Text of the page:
The 2000’s were marked by a growing number of comic adaptations. From superheros to graphic novels, comics have lately been the go-to source for action, adventure and drama. Comic adaptations increasingly came to make history; not only have they introduced a peculiar procession of super-trendy super-powered figures, but also promoted a change on cinema’s language.
Ever since its origin, cinema affected the art system and had a decisive role on how arts evolved. Cinema issued a challenge to drama and literature, compelling them to redefine their positions. Since its simultaneous appearance in the last years of the XIX century, cinema and comics slowly imposed themselves as the two competing forms of visual narrative. Comparing them became somewhat commonplace.
Cinema affected not only dramatic arts such as drama and literature, but also visual arts like photography and painting, which far from establishing any sort of rivalry between them, stimulated a fertile artistic dialogue, offering a new reflection field on inter-semiotic translation procedures, namely movie adaptations.
The adaptation process for comics is different from that of novels. For example, Robert Rodriguez did not use a script for Sin City but used actual panels from writer/artist Frank Miller’s series as storyboards to produce what Rodriguez considers a “translation” rather than an adaptation. On the other hand, several comic book series are produced for many decades and featured substantial variations of the characters. Films based on these series frequently try to capture the back story and focus on reflecting the tone and the tension, rather than simply adapting the source material. Even though it is a comic book superhero, Batman is not an adaptation of one particular comic book, but the character first appeared in comic books, not in another medium.
Comics, just like cinema, are hybrid genres; both depend on appealing visual images and strong scripts. The aesthetics of motion picture and film editing created a new language and a new artistic expression inaccessible to any other art but comics or photo-novels. Movies impregnated the artistic sensibility and became the matrix of all visual narratives.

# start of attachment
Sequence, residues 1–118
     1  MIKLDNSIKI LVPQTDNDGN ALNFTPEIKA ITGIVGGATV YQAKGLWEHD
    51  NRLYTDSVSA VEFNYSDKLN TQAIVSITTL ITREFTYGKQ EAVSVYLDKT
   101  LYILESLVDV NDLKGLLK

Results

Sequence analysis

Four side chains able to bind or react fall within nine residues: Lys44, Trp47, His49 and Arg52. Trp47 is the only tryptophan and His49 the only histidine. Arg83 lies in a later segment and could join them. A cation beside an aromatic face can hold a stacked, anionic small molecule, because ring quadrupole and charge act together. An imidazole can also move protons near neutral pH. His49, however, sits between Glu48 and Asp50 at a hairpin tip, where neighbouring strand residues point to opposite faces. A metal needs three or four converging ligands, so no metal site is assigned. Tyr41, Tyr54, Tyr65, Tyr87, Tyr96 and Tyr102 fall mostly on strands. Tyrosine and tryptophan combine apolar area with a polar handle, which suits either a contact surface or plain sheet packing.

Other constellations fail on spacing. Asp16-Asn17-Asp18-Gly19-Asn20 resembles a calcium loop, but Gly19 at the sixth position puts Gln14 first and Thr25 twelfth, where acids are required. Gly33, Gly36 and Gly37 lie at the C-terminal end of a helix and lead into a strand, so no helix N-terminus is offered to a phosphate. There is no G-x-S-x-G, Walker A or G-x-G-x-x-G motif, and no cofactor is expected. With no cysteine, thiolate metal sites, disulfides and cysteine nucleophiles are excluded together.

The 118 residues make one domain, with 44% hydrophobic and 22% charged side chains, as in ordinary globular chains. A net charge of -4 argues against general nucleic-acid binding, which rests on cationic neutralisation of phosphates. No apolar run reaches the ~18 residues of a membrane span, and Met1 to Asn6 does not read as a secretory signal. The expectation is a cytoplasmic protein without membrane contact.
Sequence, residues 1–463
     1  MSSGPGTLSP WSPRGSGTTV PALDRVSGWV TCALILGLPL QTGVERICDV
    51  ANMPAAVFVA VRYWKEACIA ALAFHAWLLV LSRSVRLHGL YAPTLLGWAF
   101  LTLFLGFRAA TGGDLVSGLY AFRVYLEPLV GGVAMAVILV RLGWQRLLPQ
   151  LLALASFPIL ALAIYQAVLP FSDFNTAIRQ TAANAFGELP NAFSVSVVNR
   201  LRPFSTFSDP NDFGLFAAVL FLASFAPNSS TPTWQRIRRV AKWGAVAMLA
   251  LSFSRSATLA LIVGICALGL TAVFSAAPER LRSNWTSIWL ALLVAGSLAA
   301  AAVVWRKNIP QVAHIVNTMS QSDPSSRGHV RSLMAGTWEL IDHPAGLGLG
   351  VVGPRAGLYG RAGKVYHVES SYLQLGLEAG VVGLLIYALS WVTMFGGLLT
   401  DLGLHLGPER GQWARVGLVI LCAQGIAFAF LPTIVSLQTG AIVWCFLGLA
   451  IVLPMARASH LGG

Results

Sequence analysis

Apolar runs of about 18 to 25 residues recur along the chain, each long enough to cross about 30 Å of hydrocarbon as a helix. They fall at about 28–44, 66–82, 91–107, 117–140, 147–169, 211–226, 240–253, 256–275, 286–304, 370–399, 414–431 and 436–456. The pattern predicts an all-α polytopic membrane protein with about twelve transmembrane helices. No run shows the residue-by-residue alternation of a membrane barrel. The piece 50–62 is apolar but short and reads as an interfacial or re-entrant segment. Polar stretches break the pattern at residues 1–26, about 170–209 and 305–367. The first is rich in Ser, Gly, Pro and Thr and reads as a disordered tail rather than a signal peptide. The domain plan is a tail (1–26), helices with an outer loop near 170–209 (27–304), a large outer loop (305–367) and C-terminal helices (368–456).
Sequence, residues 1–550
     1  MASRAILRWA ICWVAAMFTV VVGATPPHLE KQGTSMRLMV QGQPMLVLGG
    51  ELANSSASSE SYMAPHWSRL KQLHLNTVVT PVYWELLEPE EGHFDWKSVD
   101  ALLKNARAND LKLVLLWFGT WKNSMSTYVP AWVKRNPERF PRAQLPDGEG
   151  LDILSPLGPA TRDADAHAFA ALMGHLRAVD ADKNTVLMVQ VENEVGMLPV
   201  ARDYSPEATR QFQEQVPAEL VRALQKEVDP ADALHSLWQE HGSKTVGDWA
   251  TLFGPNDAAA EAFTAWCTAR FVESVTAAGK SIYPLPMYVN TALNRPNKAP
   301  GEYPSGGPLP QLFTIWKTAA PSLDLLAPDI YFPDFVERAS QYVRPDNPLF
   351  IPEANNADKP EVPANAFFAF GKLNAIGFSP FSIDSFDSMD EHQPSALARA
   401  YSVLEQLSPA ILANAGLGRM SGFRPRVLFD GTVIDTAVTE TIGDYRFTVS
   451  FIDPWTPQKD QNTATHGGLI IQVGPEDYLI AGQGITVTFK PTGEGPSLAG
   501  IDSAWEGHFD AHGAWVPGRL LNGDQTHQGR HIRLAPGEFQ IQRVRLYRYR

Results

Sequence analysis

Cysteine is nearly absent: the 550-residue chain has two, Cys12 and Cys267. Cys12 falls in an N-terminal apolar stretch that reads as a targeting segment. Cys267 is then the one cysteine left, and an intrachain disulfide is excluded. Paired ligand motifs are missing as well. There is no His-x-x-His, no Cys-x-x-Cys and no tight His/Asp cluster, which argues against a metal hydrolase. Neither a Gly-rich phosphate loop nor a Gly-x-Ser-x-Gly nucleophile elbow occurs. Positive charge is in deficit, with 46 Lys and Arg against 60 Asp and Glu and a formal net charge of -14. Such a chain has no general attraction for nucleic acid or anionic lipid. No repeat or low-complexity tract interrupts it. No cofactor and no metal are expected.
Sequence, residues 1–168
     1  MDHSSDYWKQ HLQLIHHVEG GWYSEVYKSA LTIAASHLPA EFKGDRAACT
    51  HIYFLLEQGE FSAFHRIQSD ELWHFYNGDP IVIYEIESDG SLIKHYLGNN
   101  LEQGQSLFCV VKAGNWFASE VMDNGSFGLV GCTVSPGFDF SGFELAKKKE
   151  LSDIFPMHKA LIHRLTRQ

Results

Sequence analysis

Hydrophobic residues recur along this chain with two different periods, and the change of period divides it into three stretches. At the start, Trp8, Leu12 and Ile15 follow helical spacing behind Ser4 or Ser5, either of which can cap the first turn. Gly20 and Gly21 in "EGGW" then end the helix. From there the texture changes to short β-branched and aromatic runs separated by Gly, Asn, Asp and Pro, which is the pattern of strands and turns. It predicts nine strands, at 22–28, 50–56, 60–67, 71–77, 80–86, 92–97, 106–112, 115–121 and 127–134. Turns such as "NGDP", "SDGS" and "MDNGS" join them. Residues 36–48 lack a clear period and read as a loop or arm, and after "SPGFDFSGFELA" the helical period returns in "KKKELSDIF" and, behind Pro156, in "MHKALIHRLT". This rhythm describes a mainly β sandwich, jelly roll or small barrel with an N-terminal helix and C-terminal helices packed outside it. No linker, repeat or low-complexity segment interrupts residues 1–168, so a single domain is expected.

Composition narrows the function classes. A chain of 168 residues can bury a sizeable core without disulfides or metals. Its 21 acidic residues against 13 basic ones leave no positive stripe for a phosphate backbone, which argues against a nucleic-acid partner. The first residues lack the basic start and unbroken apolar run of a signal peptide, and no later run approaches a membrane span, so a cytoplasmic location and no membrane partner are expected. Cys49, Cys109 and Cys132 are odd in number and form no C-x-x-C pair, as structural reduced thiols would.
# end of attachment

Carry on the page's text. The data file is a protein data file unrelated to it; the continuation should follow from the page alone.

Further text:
The first comic book superhero depicted in a movie adaptation was Captain Marvel, the Fawcett Comics hero created by C.C. Beck and Bill Parker. “Adventures of Captain Marvel” released in 1941, was a twelve chapter serial released by Republic Pictures, a company that specialized in producing B-movie westerns and action adventures.
Curiously, the man-in-flight effects techniques used in The Adventures of Captain Marvel were originally developed for a Superman film serial that Republic never produced, and was released six months before Fleischer Studios’ Superman cartoons. (E Witney, William. In a Door, Into a Fight, Out a Door, Into a Chase: Movie making Remembered by the Guy at the Door)
Comic book characters, particularly superheroes, have long been adapted into film, Superman like Batman, has appeared in various films since his inception. After being introduced to cinemas first in a series of animated cartoon shorts in 1941, and two serials in 1948 and 1950, the first Superman feature film, Superman and the Mole Men, starring George Reeves, was released in 1951. Since then it seemed that the formula to success have been found. The late 70’s and 80’s were marked by several adaptations of super heroes. Spider Man, The Incredible Hulk, Captain America, and Wonder Woman lived, among others, in what seemed to be a constellation of idols that promoted a super America in the hangover of the post-World War II tensions with the Soviet Union.
In the early 2000s, blockbusters such as X-Men (2000) and Spider-Man (2002) have led to dozens of superhero films. The success of these films had a huge impact in the industry and since then other comic books, not necessarily superheroes stories, have been adapted for the big screen, such as Ghost World (2001), From Hell (2001), American Splendor (2003), Sin City (2005), 300 (2007), Wanted (2008) and Whiteout (2009), Scott Pilgrim vs. the World (2010). Some of them are among the best films of all time.
What’s your favourite adaptation?